A long-weekend to go, and that will be the real transition to the Fall. Fingers crossed we can stay in “normal” for as long as possible.

Psychopathy Rewards

Psychopathy is a neuropsychiatric disorder marked by deficient emotional responses, lack of empathy, and poor behavioral controls, commonly resulting in persistent antisocial deviance and criminal behavior.  ref.

There was a time where we didn’t like psychopaths. The neurological disorder was tightly bound to serial killers and the outer edges of society. And then we reached the 80s, where “Greed is good” and we actively started rewarding people with this trait. When the almighty dollar is king, then that’s what people cherish. The CEOs that most people know have these traits, and the most egregious of them all get rewarded handsomely for it. These people are generally quite intelligent and leverage this lack of empathy towards “success”.

I won’t hard on it for long, but Trump is clearly a psychopath. Boris Johnson. They’re not alone, there are a slew of elected officials who require this trait in order to twist the truth to meet their agenda. The gap between the neurological state and learned behaviors is an interesting one, which is why we have the adage the power tends to corrupt, and absolutely power corrupts absolutely. In 2022, this often manifests in a cult-like worship (think about how far that spans for a minute…)

Elon Musk offered to but out Twitter, and staked a $1b minimum transaction on the deal. Elon Musk doesn’t actually have a salary or income, he has Tesla shares. Shares he needs to sell/leverage to have money. He has so many shares, he needs to declare he will sell them to the SEC so that he doesn’t “tank” their value. If he wanted to see in a month, he says so now, then in a month it goes through. He only gets value based on the stock in a month, so it’s in his best interests to make that number go up.

Tangent – When Musk announced a return to work for 40hrs/week for salaried employees, it was clear he needed to cut operational costs, which he announced the next day. When you force a change like this, a company loses the “top quality” talent, as they generally have a better ability to find somewhere else to work and the flexibility to afford time without pay. It’s a fascinatingly bad management decision.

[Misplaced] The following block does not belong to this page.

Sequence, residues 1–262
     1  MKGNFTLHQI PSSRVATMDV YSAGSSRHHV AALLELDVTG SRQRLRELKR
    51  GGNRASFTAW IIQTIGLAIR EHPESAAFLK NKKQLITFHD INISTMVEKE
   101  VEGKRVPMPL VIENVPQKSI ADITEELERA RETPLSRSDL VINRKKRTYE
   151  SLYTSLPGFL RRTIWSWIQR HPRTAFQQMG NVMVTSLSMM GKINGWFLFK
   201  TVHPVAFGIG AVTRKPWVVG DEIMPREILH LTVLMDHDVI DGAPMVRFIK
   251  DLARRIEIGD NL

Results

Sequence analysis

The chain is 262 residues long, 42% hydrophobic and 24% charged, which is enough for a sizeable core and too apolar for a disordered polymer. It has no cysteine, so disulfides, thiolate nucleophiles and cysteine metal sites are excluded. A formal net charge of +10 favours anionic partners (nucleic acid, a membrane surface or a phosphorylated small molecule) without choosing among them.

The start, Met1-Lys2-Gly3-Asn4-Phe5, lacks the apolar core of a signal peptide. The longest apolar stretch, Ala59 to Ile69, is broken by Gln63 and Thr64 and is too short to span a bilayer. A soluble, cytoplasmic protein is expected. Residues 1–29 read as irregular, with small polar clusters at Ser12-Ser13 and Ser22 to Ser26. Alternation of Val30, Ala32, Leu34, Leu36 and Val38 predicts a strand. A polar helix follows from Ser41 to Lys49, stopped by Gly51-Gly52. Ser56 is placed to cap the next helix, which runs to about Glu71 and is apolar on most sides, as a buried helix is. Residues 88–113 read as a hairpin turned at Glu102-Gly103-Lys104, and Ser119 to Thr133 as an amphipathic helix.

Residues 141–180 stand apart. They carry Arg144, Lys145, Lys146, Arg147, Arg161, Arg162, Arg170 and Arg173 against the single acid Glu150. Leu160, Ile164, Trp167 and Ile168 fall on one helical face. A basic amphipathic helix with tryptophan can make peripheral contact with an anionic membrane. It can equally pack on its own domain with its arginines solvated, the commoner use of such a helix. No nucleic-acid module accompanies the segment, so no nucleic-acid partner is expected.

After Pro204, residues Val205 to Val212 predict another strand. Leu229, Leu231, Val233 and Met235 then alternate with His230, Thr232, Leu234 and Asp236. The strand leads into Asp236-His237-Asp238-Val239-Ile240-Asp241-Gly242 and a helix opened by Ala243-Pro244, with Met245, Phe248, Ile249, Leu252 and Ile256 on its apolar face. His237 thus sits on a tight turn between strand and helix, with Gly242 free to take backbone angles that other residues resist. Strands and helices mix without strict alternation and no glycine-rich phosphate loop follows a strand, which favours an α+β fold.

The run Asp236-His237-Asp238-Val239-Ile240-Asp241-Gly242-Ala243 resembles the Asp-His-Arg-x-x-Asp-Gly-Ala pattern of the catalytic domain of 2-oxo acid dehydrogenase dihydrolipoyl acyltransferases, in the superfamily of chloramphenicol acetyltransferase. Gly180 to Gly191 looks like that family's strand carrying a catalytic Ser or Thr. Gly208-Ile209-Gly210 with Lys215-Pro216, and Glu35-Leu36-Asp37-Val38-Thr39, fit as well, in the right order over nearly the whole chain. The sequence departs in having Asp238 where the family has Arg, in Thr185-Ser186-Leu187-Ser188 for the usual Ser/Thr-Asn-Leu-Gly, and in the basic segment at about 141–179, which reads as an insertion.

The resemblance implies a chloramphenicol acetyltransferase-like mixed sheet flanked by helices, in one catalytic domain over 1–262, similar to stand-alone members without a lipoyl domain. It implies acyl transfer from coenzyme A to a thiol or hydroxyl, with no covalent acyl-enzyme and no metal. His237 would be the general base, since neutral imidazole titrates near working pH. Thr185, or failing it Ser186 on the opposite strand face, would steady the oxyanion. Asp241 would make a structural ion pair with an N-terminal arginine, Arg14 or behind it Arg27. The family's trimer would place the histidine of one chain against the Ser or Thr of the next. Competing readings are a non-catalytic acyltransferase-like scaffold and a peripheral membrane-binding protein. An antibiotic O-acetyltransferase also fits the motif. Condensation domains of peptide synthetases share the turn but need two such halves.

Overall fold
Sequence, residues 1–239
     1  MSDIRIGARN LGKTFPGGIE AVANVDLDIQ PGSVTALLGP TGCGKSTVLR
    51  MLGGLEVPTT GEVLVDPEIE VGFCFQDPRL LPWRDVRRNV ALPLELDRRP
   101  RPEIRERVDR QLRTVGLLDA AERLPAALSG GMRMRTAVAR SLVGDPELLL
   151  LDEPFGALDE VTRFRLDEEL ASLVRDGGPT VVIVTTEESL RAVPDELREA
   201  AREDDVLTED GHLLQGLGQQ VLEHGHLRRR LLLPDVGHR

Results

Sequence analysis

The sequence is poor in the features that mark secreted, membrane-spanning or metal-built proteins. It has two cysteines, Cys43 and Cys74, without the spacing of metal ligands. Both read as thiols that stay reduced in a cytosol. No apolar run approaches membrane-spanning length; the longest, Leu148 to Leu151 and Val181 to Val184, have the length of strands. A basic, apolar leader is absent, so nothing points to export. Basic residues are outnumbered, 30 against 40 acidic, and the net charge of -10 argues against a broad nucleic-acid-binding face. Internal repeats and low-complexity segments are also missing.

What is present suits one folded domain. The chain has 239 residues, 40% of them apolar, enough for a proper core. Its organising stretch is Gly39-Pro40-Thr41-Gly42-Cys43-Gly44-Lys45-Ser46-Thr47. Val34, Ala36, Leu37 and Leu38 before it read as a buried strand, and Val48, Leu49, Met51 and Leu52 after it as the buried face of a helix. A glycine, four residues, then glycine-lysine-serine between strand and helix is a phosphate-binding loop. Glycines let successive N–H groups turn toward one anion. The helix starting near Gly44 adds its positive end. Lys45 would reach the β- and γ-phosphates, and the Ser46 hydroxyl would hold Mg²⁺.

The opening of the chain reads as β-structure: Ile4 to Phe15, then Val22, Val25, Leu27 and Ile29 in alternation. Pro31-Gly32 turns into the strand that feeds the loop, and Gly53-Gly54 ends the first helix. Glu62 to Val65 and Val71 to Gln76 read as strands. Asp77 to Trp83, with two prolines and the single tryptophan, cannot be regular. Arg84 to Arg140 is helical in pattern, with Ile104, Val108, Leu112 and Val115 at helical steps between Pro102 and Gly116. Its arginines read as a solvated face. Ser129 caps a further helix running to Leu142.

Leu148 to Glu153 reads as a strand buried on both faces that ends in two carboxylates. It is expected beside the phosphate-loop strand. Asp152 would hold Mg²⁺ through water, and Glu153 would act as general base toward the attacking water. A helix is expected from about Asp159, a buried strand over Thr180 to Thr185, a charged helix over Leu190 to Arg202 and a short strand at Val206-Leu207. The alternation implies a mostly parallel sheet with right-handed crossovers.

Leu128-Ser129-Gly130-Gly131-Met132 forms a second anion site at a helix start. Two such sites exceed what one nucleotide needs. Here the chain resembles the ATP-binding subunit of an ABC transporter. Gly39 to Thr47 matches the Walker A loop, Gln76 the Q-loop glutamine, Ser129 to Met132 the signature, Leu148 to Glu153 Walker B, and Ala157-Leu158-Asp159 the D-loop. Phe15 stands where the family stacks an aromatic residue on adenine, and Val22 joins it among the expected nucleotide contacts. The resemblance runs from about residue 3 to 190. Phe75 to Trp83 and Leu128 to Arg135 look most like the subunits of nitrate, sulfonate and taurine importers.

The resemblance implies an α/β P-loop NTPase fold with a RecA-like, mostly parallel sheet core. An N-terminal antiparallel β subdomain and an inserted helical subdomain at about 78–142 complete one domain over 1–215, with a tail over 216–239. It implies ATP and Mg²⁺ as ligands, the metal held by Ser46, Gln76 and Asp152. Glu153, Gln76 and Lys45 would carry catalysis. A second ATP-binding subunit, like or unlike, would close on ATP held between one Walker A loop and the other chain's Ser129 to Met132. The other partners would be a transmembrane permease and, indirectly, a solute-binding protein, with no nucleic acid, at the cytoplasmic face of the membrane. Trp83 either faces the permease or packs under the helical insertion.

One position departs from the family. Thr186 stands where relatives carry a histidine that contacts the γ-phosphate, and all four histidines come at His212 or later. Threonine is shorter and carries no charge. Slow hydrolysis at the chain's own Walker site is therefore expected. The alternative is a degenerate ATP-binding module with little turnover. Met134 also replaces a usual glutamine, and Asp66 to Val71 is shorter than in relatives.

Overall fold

Unfortunately for almost everyone involved, Mush has poor behavioral controls and has managed to cut the value of Tesla by nearly 50% (aware that stocks in general have taken a beating, but that’s closer to 20%). His ability to buy Twitter is based on the value of Tesla stocks, which are now worth half of what it was before. And now he wants to back out of the Twitter deal. Which is simply fascinating to watch, just like a slow motion car crash.

The general idea is that Musk over-extended the offer, on an artificial value of his own stock boosted by his love for Twitter. The deal made very little sense to start. Since that time, Musk has continued to stay in the spotlight, relishing the ability to share his thoughts with the public. The more he did, the more time was allowed for the market to correct itself. He was overpaying then, and even more so now, with half the funds available to pay it. He’s going to do everything in his power to back out of the deal.

Is this enough for society to get a wake up call that the people we reward are the ones with the least useful traits for our survival? Quite unlikely. We’ll go for the person who takes advantage of people who are not us. There’s a term for that…

Just About Enough

These last few years have felt like a non-stop dumpster fire. Just a barrage of events, some within control, others outside, that have been draining my sanity.

My city (and others) just got walloped by a massive storm this weekend, knocking out power to seemingly half the population, and efforts are still underway to restore it for quite a lot of people. Farms destroyed, roofs ripped off, it’s something that frankly should not happen in our area. We’ve had two 100-year-floods in the past 5 years. It’s a special type of person who isn’t concerned that things are getting worse and what we should do about it.

There’s a months-long war in Ukraine, held aloft through nearly 2 decades of enabling a dictator because of our global dependence on gas/oil. Decades of wars for oil, and it took Ukraine to be the proverbial straw here.

And for some reason abortion is a big deal in the States, yet it’s not a big deal that school shootings continue. The factory of dumb that comes from the US in general is just mind-numbing, where people are proud of their stupidity instead of ashamed of it. I mean, I can understand why folks are looking to the fringes when their elected officials don’t care about them, and their CEOs are bleeding them dry. The inmates are about to run the prison.

The whole Musk-Twitter-Tesla debacle is a really great popcorn show of billionaires gambling and thousands of people crossing their fingers as to where it lands. If that isn’t proof enough that billionaires should not exist, I don’t know what else would show it.

Can we maybe go through the summer months without a new level of emergency going on? Let people catch their breath and just hug a neighbor? I could certainly use some bits of good news.

Inflation vs. Scams

These are rough numbers as the tax structures vary wildly.